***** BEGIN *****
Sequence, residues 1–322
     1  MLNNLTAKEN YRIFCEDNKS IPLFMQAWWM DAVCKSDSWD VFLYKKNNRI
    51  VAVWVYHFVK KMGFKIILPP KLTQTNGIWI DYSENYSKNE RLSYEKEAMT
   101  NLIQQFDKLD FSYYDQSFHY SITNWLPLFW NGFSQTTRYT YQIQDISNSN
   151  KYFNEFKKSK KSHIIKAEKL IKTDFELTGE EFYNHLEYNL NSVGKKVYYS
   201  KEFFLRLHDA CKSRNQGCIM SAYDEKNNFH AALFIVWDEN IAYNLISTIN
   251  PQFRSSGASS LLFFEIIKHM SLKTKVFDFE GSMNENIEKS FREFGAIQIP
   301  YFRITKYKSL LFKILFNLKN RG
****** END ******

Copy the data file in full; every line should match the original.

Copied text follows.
Sequence, residues 1–322
     1  MLNNLTAKEN YRIFCEDNKS IPLFMQAWWM DAVCKSDSWD VFLYKKNNRI
    51  VAVWVYHFVK KMGFKIILPP KLTQTNGIWI DYSENYSKNE RLSYEKEAMT
   101  NLIQQFDKLD FSYYDQSFHY SITNWLPLFW NGFSQTTRYT YQIQDISNSN
   151  KYFNEFKKSK KSHIIKAEKL IKTDFELTGE EFYNHLEYNL NSVGKKVYYS
   201  KEFFLRLHDA CKSRNQGCIM SAYDEKNNFH AALFIVWDEN IAYNLISTIN
   251  PQFRSSGASS LLFFEIIKHM SLKTKVFDFE GSMNENIEKS FREFGAIQIP
   301  YFRITKYKSL LFKILFNLKN RG